The Lark’s role is to identify writers who are community leaders who speak to the needs of their communities through their plays and also through direct theater-based movement-building. For example, we are partnering with Gregg Mozgala from The Apothetae, a company dedicated to the disabled experience, to launch an unprecedented program supporting disabled artists. Another example is our partnership with playwright Keith Josef Atkins from Brooklyn’s The New Black Fest, where we look at a wider range of Black experiences than those we typically see in the media. Yet another collaboration is withartist/activist Diana Oh, who addresses sexual violence against women.  In short, our programs are structured around leaders who are creating narratives that engage with the public about the needs of their communities.

The Lark embraces community issues in other ways as well:

  • Our programming is free to artists and audiences. 
  • We engage with 30-40 organizations annually throughout the city to reach the broadest demographic possible.
  • Our portfolio of fellowships provides financial stipends, health care and career support.
  • We have created a tuition-free free Business of Art Financial Bootcamp for artists to learn how to manage their careers and weather rising living costs.
  • Our paid apprentice program helps lower the economic barrier for participation and creates a pipeline for a much more diverse group of future arts leaders.

Not only does our program address equity issues directly, but we have been doing intensive work internally to make sure that our staff and board increasingly reflect the demographics of the artist community that we serve.  To that end, our internal methods of addressing diversity include:

  • A robust recruitment strategy for staff and board members.
  • Monthly conversations  around current equity issues.
  • Skills-building in how to talk about and facilitate difficult conversations.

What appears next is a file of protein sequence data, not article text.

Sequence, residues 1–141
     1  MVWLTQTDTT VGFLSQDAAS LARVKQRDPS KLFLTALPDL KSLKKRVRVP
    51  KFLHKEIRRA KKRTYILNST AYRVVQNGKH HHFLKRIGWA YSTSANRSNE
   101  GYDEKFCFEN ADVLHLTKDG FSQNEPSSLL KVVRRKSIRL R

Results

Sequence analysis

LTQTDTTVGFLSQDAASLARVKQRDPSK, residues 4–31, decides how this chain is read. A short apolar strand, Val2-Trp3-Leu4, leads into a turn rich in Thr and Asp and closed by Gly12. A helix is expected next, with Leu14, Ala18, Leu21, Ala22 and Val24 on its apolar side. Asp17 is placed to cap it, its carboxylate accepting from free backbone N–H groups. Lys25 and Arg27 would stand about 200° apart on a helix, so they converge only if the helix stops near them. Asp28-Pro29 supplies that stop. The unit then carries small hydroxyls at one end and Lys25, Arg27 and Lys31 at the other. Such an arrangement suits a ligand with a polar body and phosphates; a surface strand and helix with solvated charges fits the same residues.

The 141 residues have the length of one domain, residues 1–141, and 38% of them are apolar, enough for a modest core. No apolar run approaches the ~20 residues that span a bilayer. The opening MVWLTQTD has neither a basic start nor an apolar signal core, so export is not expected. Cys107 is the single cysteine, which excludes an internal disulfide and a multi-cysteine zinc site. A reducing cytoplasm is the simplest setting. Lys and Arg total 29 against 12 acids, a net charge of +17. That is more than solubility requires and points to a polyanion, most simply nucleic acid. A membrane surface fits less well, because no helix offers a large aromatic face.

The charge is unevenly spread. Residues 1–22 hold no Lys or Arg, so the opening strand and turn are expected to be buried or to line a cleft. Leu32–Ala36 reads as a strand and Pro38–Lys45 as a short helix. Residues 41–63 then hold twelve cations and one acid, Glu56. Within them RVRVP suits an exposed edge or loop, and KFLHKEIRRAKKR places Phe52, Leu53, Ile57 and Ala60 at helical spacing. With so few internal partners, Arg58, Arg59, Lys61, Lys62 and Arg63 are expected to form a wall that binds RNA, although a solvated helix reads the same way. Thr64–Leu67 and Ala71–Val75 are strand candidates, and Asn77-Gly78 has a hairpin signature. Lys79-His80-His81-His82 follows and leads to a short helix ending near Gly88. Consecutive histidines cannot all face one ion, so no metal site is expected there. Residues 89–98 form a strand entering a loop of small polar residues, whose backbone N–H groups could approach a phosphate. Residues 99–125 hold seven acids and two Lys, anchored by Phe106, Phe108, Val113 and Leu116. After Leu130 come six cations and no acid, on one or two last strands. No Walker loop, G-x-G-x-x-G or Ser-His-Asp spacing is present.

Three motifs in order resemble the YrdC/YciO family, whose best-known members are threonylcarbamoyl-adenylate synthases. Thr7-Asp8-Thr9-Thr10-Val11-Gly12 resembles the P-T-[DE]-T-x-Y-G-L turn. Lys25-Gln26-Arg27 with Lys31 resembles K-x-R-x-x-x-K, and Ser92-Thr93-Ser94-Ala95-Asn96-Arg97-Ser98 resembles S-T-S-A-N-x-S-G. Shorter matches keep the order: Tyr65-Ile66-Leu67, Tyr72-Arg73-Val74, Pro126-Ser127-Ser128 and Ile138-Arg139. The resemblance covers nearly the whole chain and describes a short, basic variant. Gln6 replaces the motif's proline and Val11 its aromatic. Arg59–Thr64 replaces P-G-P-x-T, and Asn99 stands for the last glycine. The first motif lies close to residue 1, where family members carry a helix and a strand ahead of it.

• Participation in Theatre Communications Groups’ Equity, Diversity, and Inclusion Institute.

While The Lark is a theater company and we support the creation of vibrant plays, our goal is to support artists who are leaders and put them into contact with a diverse community—bringing forward stories that need to be heard and discussed face to face through live theater experiences. We recognize that differences in identity bring vibrancy to our organization and the city.

The DCLA survey findings about race and gender in cultural organizations are an important starting place for the change we need to see, a change that each organization needs to embrace.  The Lark is on a lifelong journey to be a more equitable place and we intend to be in conversations with organizations throughout the city to share our learnings and learn from our peers. Equity does not have a one-time solution and it is not achieved in isolation.  There is deliberate, ongoing, never-ending work to be done.  

In closing, I want to thank you for supporting storytellers who are working to bring to light what is great about New York while highlighting the vast inequities that still remain. These stories lead to conversation and the conversation leads to action. 

Thank you.